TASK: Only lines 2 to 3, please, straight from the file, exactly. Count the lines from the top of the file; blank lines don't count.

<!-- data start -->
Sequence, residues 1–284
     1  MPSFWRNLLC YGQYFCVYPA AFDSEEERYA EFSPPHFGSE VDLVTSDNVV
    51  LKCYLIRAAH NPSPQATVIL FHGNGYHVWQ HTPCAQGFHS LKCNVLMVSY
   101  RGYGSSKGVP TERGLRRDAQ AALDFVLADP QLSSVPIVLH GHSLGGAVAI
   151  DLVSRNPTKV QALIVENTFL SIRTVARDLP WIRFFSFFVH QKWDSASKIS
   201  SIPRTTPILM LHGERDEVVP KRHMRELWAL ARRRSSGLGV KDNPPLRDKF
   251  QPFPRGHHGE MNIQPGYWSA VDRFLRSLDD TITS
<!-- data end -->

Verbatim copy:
     1  MPSFWRNLLC YGQYFCVYPA AFDSEEERYA EFSPPHFGSE VDLVTSDNVV
    51  LKCYLIRAAH NPSPQATVIL FHGNGYHVWQ HTPCAQGFHS LKCNVLMVSY